Although aware of their intense dislike of blackbirds we had not realised that they would actually kill them. Maybe we could rent out our magpies as a solution to the feral bird population problem.
Val Ford & David Reid, Sorrento. First published in The Bird Observer, July 1999
These reports, some from Birdline, http://www.eremaea.com/BirdlineRecentSightings.aspx?Birdline=1, are not authenticated records. Researchers are advised to check with the observers before citing.
Please report your sightings to Val Ford; 5984 0039 or email@example.com
Date Species Location Comments Observer
23/1/13 Cape Barren Goose (2)
Nankeen Night Heron (1) The Briars, Mt Martha On top of the Chechingurk hide. An immature, flew onto the mud from the window ledge. Sue Brabender 27/1/13 Sacred Kingfisher (3) Langwarrin Two adults & 1 juvenile at Langwarrin Flora & Fauna Reserve. Max & Bev Burrows 28/1/13 Rufous Fantail (1) Langwarrin In reserve near the corner of McClelland Drive & North Road. Max & Bev Burrows 29/1/13 Royal Spoonbill (15)
Swamp Harrier (2) Warringine, Hastings Took off from the creek wetland. Have fledged from the coastal section. Gerard Cook 2/2/13 Cape Barren Goose (4) Peninsula Link Feeding on newly-sown grass near Devilbend Creek. Pam Hearn 2/2/13 Wedge-tailed Eagle (2) Mt Martha At The Briars. Over my home on 3/2. Kevin Conlan 4/2/13 Freckled Duck (10)
Musk Duck (1) Royal Spoonbill (4) Red-kneed Dotterel (1)
Balnarring Forty species of birds seen at the wetland. Cath Cousland
13/2/13 Australian Spotted Crake (4 ) Coolart At the Observatory Wetlands. Outing attendees 20/2/13 Crescent Honeyeater (2) Sorrento A few years since seen in my garden. Mobbed by other birds. Val Ford 23/2/13 Eastern Osprey (2) Point Nepean NP One was feeding on a large fish on rocks below Cheviot Hill. Tania Ireton 3/3/13 Cape Barren Goose (16) Mornington In a field on the corner of Moorooduc and Bungower Roads. Kevin Conlan 4/3/13 Wedge-tailed Eagle (1) Warringine Park, Hastings Flew over the boardwalk near the lookout, from the park side. Simon Westfold 10/3/13 Black-faced Cuckoo-shrike Rosebud In Denholm Street. Ray Pentland 10/3/13 Australian King-Parrot (2) Mt Martha Over our home. Seen regularly, are they breeding locally? Kevin Conlan 13/3/13 Bassian Thrush (1) Main Ridge In our garden. Venetia McMahon 15/3/13 Spotless Crake (3)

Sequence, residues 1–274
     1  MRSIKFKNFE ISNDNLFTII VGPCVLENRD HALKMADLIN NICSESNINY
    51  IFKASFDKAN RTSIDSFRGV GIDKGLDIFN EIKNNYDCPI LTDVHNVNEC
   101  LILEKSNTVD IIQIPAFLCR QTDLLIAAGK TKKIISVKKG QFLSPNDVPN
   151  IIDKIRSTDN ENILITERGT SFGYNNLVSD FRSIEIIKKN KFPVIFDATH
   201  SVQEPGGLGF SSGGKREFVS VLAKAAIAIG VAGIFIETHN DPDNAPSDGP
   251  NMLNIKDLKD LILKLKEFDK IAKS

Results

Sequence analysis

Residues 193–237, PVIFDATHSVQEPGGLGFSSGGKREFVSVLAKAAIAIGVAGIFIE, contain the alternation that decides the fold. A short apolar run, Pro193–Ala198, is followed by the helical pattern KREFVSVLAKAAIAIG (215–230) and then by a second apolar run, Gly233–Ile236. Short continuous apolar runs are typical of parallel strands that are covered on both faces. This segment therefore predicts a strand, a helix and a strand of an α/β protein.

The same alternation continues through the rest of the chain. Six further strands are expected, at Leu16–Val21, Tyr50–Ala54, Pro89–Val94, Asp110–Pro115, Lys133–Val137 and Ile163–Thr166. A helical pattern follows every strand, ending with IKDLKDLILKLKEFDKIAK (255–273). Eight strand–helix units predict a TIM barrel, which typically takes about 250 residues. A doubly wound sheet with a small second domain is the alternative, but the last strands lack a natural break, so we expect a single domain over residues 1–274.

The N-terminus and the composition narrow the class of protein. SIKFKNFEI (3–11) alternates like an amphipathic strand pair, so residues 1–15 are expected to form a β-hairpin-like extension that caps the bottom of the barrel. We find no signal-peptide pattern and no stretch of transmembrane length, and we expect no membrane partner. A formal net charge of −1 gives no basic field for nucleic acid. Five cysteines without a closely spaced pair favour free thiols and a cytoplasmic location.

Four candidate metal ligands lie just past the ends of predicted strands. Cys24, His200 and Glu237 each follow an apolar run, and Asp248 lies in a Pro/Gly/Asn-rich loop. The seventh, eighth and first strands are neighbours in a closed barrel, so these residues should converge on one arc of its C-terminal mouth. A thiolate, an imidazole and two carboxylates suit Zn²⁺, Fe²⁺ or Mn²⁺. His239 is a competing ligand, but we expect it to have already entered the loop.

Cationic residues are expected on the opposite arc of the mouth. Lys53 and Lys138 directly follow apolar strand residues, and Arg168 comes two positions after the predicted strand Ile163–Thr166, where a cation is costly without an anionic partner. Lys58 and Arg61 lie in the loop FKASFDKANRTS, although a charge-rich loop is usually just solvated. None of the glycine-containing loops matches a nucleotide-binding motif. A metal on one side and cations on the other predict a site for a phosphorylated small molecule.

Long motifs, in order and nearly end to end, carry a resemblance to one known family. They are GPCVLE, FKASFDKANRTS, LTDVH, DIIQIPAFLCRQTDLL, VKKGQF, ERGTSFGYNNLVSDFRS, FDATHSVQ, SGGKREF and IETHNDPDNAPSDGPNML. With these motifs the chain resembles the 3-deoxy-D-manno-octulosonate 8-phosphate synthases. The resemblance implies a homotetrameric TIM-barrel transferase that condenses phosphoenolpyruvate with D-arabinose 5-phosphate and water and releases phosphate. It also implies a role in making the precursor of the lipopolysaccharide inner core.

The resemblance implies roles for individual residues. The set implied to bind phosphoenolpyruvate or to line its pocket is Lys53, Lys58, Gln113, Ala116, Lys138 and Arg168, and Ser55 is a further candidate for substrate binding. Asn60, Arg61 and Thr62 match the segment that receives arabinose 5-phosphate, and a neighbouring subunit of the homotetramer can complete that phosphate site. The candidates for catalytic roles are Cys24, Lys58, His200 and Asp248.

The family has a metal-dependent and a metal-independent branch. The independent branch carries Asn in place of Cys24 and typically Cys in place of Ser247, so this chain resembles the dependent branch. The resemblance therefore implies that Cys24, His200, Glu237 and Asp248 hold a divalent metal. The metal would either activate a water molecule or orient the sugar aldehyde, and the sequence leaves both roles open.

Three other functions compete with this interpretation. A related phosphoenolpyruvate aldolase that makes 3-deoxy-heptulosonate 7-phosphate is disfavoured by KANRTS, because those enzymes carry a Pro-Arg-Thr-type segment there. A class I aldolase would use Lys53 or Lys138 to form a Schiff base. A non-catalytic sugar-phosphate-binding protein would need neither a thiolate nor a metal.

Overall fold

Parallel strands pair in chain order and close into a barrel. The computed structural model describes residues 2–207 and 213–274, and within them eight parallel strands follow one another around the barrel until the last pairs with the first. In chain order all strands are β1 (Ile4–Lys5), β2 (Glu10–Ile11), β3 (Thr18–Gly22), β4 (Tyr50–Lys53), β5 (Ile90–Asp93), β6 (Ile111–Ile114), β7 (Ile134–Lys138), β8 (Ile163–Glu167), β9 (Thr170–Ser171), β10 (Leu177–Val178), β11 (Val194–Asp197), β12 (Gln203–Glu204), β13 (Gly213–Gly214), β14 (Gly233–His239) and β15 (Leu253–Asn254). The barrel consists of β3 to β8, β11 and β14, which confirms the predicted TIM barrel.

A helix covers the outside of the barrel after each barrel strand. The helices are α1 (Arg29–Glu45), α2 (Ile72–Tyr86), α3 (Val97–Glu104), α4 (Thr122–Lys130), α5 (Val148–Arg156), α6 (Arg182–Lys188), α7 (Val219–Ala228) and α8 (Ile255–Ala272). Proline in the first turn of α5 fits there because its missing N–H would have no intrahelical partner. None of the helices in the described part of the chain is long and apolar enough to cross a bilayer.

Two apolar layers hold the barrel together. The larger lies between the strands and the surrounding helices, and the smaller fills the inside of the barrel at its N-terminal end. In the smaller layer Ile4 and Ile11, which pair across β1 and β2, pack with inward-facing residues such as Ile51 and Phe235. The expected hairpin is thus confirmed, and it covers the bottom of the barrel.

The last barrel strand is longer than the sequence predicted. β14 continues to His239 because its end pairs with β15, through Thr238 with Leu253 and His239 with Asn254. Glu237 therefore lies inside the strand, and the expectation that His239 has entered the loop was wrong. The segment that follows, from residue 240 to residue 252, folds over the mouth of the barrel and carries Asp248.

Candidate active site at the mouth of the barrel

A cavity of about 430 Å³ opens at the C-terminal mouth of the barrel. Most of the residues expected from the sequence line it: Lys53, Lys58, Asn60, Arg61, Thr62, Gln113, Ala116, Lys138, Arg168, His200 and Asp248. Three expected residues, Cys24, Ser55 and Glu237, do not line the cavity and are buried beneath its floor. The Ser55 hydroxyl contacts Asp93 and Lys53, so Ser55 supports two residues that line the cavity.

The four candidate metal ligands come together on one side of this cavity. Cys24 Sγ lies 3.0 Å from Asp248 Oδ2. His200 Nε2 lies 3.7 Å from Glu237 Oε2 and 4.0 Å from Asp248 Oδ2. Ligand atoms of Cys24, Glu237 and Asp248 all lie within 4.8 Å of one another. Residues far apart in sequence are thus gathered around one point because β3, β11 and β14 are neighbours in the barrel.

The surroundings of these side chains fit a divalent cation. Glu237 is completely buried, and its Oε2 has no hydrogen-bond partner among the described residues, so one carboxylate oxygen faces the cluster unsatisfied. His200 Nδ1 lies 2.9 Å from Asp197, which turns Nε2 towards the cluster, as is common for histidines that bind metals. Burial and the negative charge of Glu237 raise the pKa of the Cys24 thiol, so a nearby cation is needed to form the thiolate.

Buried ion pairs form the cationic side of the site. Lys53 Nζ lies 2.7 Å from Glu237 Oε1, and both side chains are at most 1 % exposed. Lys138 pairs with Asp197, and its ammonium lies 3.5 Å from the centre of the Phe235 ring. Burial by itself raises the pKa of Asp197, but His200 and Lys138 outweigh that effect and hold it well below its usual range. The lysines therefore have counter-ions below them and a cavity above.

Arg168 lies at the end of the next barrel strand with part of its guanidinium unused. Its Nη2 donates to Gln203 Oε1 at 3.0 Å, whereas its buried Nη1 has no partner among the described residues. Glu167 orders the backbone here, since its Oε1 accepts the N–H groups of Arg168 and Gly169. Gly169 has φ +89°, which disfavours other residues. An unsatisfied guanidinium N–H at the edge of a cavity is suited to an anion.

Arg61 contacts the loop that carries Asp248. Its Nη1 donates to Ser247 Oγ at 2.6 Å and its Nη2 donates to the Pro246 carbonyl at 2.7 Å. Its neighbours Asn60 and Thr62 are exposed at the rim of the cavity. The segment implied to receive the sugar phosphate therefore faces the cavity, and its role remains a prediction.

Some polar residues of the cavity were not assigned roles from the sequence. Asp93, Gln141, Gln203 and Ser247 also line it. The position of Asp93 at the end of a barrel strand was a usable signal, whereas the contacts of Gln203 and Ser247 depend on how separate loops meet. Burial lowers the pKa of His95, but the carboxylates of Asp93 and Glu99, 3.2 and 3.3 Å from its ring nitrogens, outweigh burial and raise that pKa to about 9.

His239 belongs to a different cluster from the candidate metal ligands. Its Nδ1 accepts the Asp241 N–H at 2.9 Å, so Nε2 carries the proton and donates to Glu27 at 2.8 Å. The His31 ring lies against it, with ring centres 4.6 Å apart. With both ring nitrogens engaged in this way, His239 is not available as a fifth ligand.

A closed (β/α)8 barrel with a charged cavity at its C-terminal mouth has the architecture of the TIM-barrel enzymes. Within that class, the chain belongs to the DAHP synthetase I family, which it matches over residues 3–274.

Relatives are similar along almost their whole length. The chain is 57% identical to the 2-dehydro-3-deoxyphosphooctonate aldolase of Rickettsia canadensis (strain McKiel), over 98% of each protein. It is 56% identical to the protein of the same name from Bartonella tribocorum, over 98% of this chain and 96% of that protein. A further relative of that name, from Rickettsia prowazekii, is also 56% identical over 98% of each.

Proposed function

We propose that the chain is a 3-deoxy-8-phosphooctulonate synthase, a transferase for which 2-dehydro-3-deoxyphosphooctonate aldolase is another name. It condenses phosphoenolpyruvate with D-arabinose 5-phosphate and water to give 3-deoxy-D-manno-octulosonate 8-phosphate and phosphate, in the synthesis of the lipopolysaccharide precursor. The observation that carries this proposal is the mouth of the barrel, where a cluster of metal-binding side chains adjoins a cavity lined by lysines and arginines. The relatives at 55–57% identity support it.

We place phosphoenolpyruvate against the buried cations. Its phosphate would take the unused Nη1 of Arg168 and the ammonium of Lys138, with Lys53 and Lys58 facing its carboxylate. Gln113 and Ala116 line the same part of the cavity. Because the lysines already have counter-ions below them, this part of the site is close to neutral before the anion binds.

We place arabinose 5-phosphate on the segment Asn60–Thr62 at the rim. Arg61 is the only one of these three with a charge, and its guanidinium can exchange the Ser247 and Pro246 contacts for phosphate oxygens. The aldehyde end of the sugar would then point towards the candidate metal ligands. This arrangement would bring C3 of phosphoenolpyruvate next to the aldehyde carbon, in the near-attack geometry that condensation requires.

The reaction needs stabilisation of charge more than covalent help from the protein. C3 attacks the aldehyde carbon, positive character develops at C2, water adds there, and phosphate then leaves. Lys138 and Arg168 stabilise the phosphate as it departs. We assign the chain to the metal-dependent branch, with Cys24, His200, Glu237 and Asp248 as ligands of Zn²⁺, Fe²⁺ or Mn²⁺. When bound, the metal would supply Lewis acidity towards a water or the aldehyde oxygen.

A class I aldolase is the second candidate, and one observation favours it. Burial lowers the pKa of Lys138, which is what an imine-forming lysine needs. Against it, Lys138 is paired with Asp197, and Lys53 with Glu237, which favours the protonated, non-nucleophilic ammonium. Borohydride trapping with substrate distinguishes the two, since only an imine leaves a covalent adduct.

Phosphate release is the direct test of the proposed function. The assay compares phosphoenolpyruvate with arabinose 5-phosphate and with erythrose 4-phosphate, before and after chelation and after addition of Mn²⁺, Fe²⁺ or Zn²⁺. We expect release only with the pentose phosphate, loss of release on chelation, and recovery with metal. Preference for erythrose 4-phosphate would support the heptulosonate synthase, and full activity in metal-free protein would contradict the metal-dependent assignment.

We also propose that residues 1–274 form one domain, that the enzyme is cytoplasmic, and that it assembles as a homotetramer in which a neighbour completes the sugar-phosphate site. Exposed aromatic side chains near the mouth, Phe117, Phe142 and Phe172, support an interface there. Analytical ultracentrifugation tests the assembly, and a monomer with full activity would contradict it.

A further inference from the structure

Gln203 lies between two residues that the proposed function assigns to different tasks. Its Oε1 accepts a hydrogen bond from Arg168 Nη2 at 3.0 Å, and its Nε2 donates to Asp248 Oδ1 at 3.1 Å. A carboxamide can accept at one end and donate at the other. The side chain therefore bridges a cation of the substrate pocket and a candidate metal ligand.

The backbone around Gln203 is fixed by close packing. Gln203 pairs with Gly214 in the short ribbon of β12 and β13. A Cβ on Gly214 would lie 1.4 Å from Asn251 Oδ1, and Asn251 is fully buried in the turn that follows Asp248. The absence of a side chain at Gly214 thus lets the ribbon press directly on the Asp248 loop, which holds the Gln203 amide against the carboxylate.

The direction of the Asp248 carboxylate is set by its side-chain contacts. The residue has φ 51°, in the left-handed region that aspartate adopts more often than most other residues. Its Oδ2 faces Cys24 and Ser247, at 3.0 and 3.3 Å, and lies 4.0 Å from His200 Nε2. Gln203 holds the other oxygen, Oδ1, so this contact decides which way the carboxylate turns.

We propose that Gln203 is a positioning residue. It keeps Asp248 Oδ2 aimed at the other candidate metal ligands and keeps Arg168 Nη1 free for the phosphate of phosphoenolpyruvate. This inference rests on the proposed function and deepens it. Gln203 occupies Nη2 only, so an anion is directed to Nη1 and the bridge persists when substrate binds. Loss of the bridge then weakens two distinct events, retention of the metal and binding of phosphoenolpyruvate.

Nankeen Night Heron (2)
Black-fronted Dotterel (2) Red-kneed Dotterel (1)
The Briars, Mt Martha Crake & Night Heron at Boonoorong Hide.
Dotterels at Chechingurk Hide.
Danny Vits & Sue Brabender
17/3/13 Australian Spotted Crake (1) The Briars, Mt Martha Under the wooden bridge east of the visitor centre. Kevin Conlan 17/3/13 Pied Currawong (1) Mt Eliza Near the Bellbird Road and Canadian Bay Road intersection. Susie Field 19/3/13 Spotted Pardalote (1) Main Ridge At our bird bath. Venetia McMahon 20/3/13 Freckled Duck (25+) Balbirooroo wetland Roger Standen 21/3/13 Fork-tailed Swift (2) Rye Ocean Beach Feeding along the coast during strong winds. C & I Macartney 21/3/13 Galah (32)
Little Corella (15) Mornington A mixed group, feeding on the roots and seeds of grasses, on road verge outside the Homemaker Centre, Nepean Highway. Ian Dowling 22/3/13 Great Crested Grebe (1) Devilbend Reservoir Seen from the newly installed fishing platform. Danny Vits 25/3/13 Bassian Thrush (1) The Briars, Mt Martha Danny Vits 28/3/13 Australasian Pipit (1) Blairgowrie Feeding on the beach near the Blairgowrie shops. Val Ford 29/3/13 Pacific Black Duck (2) Rosebud Swimming in Port Phillip Bay near the Jetty. Ian Dowling
3/4/13 Peregrine Falcon (1) Mornington Caused panic amongst other birds as it flew over my house. Danny Vits 4/4/13 Grey Currawong (1) Frankston In the eastern section of The Pines Flora & Fauna Reserve. Denis Goss 4/4/13 Southern Boobook (1) The Briars, Mt Martha Found dead in the wildlife sanctuary. Sue Brabender 5/4/13 Banded Lapwing (1) French Island With 44 Masked Lapwing at Overpass Road. Chris Chandler 6/4/13 Little Penguin (1) Mornington Pier Seen under the pier. Joan McDowell 7/4/13 Flame Robin (1,brown bird) Mt Martha Near Harraps Creek, between Nepean Highway and The Briars. Danny Vits 8/4/13 Flame Robin (1,f) Bangholme Seen in a tree with House Sparrows at Banyan Road wetland. Bette Mitchell et al 8/4/13 Australasian Grebe (1) Mornington About 50m out to sea off Mills Beach. Danny Vits 10/4/13 Hoary-headed Grebe (2) Mornington In the water at Shire Hall beach. Joan McDowell 12/4/13 Nankeen Night Heron (9) Stony Point Feeding on intertidal mudflats at 7.45 am. Mick Douglas 19/4/13 Pink Robin (1, brown bird) Sorrento In Haven Avenue. Has returned to this area for many years. Val Ford
14 Mornington Peninsula Birdlife
Magpie attacks model plane
I recently saw an Australian Magpie diving at a model plane. It was obviously frustrated as it kept missing the plane so it flew up very high, turned around and closed its wings and dropped very fast in a dive bombing action towards the plane.
The operator saw it coming and redirected his plane only to have it disappear and crash into the bush somewhere where he had to retrieve it from. I think the magpie won.
Denis Cox, Tecoma